The rest of the study is filled with other images of the secular life of the palace; Federico's belief in the rational life, an intellectual life constructed after reading many texts from the classical past, is apparent in both studies, but most emphasized in Gubbio. While in Urbino there were still painted portraits of popes on the wall, in Gubbio, they are eliminated. The paintings that originally hung on the walls in Gubbio are of female figures of the Liberal Arts bowed to by knights who pay them homage. Even the Latin inscription on blue background that winds around the area above the cupboards and ties the entire study together is a humanistic or pagan caption for the images of the Liberal Arts above it; it is devoid of Christian reference:
"See how the eternal students of the venerable mother, men exalted in learning and in genius, fall forward, as supplicants with bared neck and flexed knee, before the face of their parent. Their reverend piety prevails over justice and none repents for having yielded to his foster mother." (Raggio, p. 31)
The female figure in each painting here is one of the Liberal Arts: Logic, Rhetoric, and Music, respectively. They are female because the noun in Italian is feminine: la dialettica, la retorica, and la musica. The men paying homage by kneeling on steps before the women (who are seated on thrones and seem to have crowns) are courtiers from the court of Federico, including Federico himself in Dialettica. (Three paintings are lost - grammar, geometry, and math, two (music and rhetoric) are dispersed to London (National Gallery), and two (dialectic and astronomy) were destroyed in Berlin during WWII.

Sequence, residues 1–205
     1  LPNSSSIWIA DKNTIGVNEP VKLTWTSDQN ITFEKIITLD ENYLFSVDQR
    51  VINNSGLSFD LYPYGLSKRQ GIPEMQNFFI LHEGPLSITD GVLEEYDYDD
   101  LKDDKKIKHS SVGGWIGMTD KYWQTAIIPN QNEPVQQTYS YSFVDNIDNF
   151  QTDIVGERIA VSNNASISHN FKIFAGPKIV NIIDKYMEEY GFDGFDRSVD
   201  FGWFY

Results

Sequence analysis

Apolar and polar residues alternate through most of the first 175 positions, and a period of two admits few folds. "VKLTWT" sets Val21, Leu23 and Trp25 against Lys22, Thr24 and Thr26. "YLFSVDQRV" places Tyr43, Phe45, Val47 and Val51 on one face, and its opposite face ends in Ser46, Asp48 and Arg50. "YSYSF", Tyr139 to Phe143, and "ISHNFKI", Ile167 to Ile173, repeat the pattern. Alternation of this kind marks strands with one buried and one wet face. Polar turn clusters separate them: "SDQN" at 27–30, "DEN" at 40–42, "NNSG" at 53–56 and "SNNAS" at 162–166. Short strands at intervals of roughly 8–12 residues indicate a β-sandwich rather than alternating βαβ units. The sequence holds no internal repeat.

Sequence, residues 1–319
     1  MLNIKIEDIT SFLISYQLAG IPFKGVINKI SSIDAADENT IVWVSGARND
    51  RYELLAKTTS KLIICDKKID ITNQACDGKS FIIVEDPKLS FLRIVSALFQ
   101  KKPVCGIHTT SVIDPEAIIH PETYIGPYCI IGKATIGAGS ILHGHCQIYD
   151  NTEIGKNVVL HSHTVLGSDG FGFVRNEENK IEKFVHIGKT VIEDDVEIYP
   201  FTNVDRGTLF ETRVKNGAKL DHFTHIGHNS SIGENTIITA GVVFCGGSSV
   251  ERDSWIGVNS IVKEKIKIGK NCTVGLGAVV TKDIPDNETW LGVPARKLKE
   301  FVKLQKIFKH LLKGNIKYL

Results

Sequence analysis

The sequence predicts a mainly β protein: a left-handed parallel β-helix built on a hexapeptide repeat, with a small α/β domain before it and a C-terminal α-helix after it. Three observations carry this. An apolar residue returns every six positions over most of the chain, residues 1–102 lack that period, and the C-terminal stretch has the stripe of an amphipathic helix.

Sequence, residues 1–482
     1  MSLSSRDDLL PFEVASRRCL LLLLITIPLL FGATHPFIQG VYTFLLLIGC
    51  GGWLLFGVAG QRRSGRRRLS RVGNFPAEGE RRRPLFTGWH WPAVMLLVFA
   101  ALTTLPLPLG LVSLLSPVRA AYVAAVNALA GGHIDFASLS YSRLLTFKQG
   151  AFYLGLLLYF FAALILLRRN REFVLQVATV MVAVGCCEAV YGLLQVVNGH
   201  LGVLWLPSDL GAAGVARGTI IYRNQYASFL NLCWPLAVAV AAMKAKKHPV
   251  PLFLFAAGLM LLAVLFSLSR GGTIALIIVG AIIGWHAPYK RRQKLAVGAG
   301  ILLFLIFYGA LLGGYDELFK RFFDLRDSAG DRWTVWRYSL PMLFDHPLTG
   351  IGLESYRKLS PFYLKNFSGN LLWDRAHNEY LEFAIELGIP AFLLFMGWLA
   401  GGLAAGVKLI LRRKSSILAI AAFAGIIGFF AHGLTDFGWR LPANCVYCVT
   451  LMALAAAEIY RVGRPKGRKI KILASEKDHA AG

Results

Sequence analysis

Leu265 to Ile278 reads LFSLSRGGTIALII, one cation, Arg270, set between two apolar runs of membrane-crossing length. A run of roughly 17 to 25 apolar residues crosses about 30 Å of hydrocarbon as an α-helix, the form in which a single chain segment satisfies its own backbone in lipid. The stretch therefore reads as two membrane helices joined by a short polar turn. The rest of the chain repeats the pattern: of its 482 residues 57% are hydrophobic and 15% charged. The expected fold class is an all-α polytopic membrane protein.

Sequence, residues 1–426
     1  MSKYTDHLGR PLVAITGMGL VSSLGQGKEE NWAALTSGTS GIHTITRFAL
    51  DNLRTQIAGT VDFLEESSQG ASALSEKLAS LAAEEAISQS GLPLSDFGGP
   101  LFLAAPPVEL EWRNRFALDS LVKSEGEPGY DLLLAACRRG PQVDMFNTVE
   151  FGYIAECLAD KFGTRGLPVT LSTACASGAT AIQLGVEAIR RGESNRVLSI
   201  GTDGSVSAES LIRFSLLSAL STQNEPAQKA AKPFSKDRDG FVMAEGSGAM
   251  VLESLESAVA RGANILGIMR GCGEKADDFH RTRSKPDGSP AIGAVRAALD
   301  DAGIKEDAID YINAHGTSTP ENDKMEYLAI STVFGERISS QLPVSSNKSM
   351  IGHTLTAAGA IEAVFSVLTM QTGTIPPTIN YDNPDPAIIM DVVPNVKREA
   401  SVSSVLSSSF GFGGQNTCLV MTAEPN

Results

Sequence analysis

The message Federico conveys in these paintings and in the Gubbio intarsia cupboards is unusual in the period in which he lived: men should honor and treasure classical learning exclusively; enrichment and survival of the soul can be provided through the areas of knowledge passed down to us from the classics only. No reliance on Christian stories or saints here. In the privacy of his own home, he feels free to express an almost heretical view: knowledge of secular music, grammar, mathematics, and geometrical logic are essential to the life of the mind; piety should reside in those areas of "human" specialty, the trivium and quadrivium, the liberal arts. The trivium consisted of la grammatica, la retorica, and la dialettica (grammar, rhetoric, and dialectic (logic)). The quadrivium consisted of: l'aritmetica, l'astronomia, la geometria, and la musica (math, astronomy, geometry, and music).
Secular thought is celebrated here in his shrine to ancient wisdom. The duke presents for his young son as well as for himself, a vision of classical education within a study that stands witness to the power of human creation. Theology has no place in the paintings or cupboards. Federico was captivated by the rational process of one-point perspective and his one-point perspective art here includes geometry, astronomy, rhetoric, math, and music. This Renaissance duke was sure that the logic of classical learning displayed in the Gubbio intarsia was no illusion.